Individuals of all ages benefit greatly from developing mindfulness through introspective exercises. These activities train your mind to fully appreciate the sensations and sentiments around you. Mindfulness is a wonderful quality to evoke in children as well, and can reduce behavioral issues by teaching young ones how to be more considerate. However, given the active nature and shorter attention spans of children, some accommodations must be made. Carefully designed mindfulness exercises for kids take into account their developmental stage while promoting the same essence of mindfulness that experienced adults strive to achieve.
- Glitter Jar. A glitter jar is a great way to get easily stimulated children to focus on one thing only. Fill a clear jar with shiny glitter and sit with your child as you shake and spin it. Encourage the child to observe the glitter by following individual pieces as well as taking in the whole picture. Watch as your child is fascinated by a simple device and practice deep breathing as the two of you watch the glitter slowly settle back to the bottom.
- Rethink Mealtime. Turn mealtime from a chaotic free for all, to a slower-paced, thoughtful experience. Ask your child to think about everything they are eating, and to chew each bite at least 10 times. Discuss the origin of each food item, and use the 5 senses to understand what is being eaten.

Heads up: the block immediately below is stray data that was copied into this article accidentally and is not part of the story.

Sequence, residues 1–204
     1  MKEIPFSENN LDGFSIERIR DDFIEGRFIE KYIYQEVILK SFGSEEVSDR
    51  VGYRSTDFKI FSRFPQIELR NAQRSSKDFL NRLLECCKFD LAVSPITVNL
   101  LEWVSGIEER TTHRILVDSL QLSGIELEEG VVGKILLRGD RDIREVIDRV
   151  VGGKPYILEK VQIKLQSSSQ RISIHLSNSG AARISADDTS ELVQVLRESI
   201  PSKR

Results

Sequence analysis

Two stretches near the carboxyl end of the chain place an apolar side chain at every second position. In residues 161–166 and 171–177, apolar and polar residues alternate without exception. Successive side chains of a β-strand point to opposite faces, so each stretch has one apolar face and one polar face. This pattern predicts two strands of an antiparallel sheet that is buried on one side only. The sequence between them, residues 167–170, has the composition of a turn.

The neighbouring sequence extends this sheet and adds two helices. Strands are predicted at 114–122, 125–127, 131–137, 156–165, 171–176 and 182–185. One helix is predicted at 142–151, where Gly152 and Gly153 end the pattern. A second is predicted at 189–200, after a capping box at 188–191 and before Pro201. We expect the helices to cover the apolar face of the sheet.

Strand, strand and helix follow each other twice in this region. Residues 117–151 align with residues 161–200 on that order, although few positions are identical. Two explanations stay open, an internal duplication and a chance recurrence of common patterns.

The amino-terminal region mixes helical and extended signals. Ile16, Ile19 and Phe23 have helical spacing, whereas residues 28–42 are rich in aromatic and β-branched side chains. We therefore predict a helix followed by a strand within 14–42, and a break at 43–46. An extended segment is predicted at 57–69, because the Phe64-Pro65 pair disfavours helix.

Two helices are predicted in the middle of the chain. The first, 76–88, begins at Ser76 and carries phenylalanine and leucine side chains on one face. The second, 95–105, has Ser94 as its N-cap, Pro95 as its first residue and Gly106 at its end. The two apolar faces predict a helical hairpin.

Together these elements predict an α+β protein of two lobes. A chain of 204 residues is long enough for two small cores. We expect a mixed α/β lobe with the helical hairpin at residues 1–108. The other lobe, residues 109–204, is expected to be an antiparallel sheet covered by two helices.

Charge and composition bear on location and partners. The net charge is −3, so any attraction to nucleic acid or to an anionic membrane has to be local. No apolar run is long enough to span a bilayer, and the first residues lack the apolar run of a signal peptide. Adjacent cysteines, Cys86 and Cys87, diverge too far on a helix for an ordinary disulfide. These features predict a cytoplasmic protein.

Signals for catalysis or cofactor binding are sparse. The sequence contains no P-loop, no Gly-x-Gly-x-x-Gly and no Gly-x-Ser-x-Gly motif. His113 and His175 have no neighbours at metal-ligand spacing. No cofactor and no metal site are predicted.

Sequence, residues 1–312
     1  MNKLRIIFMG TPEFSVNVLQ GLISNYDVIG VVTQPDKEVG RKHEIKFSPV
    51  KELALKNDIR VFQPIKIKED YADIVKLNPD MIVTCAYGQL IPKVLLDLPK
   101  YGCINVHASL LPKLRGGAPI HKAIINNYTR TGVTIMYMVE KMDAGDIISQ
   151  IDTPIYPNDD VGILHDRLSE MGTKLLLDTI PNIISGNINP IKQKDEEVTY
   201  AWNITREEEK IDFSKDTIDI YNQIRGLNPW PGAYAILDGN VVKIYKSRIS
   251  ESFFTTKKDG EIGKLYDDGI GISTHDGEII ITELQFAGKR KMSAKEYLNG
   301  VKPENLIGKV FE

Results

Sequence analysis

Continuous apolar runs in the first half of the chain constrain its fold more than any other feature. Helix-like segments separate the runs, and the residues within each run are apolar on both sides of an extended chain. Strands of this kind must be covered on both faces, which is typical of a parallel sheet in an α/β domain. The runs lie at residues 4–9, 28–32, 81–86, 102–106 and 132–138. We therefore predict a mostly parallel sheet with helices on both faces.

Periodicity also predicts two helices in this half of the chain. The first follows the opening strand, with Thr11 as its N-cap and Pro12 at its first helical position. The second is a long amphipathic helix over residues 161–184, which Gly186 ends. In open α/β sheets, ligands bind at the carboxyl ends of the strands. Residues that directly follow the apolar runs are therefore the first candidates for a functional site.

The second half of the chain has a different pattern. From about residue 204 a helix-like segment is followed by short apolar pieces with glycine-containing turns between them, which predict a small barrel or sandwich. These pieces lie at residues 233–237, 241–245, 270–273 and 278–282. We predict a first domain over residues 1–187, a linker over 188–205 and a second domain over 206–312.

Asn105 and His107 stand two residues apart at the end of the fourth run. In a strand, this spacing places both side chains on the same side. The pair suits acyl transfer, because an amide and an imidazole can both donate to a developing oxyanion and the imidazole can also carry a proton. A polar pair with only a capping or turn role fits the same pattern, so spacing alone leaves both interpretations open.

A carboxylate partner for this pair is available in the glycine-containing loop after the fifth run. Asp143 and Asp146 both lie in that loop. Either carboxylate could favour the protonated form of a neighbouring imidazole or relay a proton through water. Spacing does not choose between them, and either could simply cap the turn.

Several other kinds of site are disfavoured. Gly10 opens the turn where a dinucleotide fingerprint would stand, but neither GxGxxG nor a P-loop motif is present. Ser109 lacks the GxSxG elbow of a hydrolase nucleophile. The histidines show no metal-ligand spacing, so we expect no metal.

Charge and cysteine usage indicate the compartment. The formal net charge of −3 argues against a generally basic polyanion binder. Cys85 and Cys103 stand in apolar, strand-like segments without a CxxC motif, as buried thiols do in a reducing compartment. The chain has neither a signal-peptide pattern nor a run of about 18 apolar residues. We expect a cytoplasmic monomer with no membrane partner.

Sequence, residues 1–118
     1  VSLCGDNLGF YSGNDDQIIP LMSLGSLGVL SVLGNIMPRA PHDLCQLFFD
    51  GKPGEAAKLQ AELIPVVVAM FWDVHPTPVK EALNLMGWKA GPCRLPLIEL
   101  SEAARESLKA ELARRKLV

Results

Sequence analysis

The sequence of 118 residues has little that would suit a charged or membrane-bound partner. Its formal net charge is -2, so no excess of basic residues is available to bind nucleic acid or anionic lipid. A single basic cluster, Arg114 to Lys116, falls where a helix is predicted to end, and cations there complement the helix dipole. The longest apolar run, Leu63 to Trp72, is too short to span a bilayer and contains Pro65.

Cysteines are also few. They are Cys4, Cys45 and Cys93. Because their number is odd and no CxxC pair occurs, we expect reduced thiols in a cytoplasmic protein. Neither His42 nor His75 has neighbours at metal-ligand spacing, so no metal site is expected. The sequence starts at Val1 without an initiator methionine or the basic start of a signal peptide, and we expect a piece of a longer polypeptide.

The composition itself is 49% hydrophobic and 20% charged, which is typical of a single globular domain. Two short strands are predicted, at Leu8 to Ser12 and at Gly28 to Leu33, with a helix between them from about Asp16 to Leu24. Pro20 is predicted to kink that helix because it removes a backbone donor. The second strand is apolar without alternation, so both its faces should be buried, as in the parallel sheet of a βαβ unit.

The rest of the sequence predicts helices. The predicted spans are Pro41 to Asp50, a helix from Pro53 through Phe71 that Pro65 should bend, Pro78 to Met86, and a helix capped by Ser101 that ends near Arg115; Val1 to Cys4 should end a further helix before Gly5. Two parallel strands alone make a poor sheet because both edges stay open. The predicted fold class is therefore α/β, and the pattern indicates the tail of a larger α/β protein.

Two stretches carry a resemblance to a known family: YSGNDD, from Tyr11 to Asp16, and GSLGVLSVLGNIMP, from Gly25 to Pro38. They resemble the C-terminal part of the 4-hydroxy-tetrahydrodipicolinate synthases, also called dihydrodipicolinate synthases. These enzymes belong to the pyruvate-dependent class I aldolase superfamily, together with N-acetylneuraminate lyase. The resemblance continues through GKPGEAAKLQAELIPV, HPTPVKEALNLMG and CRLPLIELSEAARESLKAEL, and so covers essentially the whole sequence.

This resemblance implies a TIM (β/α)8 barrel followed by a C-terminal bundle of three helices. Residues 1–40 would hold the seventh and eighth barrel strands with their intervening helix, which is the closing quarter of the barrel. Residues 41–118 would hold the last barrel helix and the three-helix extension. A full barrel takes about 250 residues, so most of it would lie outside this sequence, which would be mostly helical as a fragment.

- Nature walks. Take your child outside for a walk in a quiet area, and encourage them to be as silent as possible, almost as if you were on a hunt. If the terrain is clear enough, take off your child’s shoes and discuss the sensation of grass and dirt on bare feet.
- Raisin Exercise. For this task, choose a raisin (or other piece of produce) and hand it your child. Tell them to touch every part of the surface and to imagine the life cycle of a grape. Ask questions about the color, texture, size, smell etc. Getting your child to appreciate the many aspects of an item as a simple as a raisin is an easy step towards mindfulness.
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Find more exercises related to mindfulness with relationships and family here.